The harm caused by the disposal of oil and gas wastewater on dirt and gravel roads has also been documented by a number of experts and by first-hand observations in Pennsylvania.  [Read more here]

Report Illegal Road Spreading

DEP recently determined conventional oil and gas companies and liquid waste haulers are not complying with Residual Waste regulations in road spreading their production wastewater and advised them to stop spreading until they comply.  [Read more here]

If road spreading of conventional oil and gas wastewater is happening on public or private dirt and gravel roads it is being done illegally and should be reported to DEP immediately by calling 1-800-541-2050 or Click Here to submit a complaint.  [Read more here.]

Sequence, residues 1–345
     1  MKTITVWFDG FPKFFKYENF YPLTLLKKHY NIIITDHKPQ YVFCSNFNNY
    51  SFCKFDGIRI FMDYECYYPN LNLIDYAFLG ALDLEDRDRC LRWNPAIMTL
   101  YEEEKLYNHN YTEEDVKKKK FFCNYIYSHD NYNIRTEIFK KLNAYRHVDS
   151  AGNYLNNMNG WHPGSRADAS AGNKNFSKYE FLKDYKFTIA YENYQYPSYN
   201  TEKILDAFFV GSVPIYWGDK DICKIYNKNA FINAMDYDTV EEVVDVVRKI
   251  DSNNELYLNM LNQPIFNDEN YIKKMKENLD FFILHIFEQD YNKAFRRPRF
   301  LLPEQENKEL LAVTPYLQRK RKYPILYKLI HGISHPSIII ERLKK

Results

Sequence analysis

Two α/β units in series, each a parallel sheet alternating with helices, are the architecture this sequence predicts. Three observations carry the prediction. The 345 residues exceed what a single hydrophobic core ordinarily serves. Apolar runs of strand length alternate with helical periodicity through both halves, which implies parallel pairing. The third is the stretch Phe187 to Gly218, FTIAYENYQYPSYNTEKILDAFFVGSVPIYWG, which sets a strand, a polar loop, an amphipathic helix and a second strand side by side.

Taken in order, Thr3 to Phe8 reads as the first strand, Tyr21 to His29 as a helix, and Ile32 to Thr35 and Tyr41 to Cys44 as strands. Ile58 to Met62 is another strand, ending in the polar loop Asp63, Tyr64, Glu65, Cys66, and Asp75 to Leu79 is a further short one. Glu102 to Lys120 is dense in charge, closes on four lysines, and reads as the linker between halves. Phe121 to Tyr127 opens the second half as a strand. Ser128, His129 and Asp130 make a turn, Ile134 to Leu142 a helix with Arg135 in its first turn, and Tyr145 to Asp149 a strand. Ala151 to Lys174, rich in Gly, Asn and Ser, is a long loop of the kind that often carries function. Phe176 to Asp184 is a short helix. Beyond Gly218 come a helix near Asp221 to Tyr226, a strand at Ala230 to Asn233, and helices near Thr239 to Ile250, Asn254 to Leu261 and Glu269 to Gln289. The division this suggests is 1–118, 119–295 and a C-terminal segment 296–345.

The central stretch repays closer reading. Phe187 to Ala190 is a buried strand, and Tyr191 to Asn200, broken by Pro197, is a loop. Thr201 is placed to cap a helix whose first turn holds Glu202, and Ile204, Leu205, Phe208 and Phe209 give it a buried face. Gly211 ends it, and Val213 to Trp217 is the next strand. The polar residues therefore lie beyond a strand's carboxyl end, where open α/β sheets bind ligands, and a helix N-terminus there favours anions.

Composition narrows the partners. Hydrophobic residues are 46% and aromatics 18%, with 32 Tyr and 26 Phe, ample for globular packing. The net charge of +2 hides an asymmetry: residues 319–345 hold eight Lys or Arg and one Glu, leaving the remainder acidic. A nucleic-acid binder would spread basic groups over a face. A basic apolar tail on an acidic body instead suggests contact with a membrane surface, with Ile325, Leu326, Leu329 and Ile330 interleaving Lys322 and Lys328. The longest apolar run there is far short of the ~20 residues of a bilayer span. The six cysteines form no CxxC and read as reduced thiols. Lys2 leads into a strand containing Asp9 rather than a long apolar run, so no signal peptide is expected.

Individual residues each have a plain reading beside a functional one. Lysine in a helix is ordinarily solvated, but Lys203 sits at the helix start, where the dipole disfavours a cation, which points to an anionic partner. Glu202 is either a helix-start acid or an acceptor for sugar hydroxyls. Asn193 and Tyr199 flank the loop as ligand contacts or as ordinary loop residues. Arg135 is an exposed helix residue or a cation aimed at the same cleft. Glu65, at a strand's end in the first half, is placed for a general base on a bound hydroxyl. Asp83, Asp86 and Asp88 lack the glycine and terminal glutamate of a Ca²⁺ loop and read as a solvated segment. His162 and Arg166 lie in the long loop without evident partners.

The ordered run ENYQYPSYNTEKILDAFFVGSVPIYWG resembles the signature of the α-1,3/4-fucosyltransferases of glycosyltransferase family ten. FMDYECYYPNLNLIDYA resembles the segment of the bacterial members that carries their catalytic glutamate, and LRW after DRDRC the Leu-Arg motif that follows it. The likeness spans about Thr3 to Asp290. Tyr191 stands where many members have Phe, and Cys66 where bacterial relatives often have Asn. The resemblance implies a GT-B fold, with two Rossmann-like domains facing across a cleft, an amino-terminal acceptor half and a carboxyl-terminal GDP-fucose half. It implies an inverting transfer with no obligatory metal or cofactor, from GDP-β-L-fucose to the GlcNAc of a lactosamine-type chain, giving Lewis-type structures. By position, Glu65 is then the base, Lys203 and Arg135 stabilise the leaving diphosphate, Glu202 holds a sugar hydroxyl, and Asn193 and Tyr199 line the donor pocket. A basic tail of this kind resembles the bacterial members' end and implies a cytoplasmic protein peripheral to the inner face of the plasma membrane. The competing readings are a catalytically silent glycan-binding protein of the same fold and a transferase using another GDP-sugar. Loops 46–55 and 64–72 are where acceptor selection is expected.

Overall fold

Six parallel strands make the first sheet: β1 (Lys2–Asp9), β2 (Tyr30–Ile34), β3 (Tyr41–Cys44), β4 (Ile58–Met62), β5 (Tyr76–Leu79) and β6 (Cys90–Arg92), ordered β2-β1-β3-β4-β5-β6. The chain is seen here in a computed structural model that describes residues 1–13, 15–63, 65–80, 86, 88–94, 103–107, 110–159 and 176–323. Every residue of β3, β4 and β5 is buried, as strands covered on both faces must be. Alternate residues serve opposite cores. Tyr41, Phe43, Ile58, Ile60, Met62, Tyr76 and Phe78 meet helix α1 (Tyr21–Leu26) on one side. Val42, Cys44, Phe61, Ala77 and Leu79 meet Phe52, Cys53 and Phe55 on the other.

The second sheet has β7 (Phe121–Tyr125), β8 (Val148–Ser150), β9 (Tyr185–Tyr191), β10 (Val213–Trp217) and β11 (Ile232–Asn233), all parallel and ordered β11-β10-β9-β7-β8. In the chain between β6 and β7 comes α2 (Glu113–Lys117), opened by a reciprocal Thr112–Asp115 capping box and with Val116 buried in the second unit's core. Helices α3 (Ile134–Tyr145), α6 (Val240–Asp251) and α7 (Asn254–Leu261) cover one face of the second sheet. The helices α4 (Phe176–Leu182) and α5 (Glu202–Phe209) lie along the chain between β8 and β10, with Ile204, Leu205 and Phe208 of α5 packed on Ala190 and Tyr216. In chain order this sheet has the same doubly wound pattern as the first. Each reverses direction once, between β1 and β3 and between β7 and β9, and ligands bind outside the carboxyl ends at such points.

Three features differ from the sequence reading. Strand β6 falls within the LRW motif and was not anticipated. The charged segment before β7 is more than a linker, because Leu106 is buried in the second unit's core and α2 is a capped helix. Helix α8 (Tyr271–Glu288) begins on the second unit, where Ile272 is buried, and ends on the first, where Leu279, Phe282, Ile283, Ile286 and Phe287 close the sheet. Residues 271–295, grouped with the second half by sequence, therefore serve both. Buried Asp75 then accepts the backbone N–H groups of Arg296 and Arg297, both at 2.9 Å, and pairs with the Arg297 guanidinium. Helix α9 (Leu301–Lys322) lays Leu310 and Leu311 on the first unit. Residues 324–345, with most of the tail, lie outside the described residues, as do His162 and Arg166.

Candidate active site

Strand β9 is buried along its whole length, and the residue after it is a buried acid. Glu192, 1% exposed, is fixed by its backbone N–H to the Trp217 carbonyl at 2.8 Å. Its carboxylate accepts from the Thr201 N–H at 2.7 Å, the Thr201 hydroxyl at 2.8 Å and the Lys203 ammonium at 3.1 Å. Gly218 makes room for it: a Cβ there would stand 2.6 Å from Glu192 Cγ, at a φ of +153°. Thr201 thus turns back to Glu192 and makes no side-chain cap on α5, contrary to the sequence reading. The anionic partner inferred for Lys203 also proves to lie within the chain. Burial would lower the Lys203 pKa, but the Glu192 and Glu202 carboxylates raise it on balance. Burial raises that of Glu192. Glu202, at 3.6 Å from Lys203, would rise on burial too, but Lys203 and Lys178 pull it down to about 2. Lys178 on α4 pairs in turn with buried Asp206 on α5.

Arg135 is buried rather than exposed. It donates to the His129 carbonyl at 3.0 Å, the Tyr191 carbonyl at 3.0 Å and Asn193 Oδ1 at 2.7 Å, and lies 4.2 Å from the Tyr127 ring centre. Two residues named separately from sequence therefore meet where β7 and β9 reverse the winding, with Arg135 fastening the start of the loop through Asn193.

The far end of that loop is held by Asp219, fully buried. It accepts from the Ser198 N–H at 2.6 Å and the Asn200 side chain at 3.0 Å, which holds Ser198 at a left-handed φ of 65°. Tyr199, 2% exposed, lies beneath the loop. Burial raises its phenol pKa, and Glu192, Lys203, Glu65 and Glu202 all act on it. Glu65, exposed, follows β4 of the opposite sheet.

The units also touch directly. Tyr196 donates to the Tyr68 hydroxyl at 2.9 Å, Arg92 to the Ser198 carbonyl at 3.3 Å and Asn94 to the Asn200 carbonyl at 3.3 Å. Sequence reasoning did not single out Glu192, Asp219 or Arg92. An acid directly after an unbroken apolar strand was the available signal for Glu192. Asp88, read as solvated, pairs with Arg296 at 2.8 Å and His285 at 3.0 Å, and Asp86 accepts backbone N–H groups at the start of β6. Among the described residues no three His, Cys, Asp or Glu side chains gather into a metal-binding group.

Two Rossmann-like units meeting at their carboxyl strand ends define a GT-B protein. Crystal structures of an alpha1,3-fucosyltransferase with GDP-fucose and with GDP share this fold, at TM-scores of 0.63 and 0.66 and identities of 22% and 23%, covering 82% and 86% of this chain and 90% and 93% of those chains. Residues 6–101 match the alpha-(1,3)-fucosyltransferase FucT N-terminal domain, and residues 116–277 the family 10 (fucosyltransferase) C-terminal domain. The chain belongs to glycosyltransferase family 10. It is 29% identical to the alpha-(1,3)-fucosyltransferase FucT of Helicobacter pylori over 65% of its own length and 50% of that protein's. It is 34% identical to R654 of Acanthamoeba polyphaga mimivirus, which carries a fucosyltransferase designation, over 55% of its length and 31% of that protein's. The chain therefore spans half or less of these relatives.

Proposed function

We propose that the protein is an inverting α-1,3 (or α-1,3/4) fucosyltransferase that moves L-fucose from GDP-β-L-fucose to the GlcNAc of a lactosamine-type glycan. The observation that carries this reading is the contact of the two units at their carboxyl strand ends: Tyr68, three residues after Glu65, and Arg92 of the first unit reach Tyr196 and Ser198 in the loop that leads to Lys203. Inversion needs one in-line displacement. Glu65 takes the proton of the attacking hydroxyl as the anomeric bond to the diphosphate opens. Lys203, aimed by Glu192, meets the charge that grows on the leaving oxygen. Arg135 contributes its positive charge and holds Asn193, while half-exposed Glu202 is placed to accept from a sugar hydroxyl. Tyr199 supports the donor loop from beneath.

Related Articles:

-- Millions Of Gallons Of Conventional Oil & Gas Wastewater Spread Illegally On Dirt Roads, Companies Fail To Comply With DEP Waste Regulations  

-- DEP Lists 84 Townships As ‘Waste Facilities’ Where Conventional Oil & Gas Wastewater Has Been Disposed Of By Road Spreading; Municipalities Need To Do Their Due Diligence 

-- DEP: Conventional Oil & Gas Drillers Tried 813 Times To Abandon Wells Without Plugging Them; Failed To Report Waste Generated 836 Times Over 2 Years  

Road Spreading Archive:

-- PA Environment Digest: All Road Spreading Conventional Oil & Gas Wastewater Articles

[Posted: January 25, 2022]  PA Environment Digest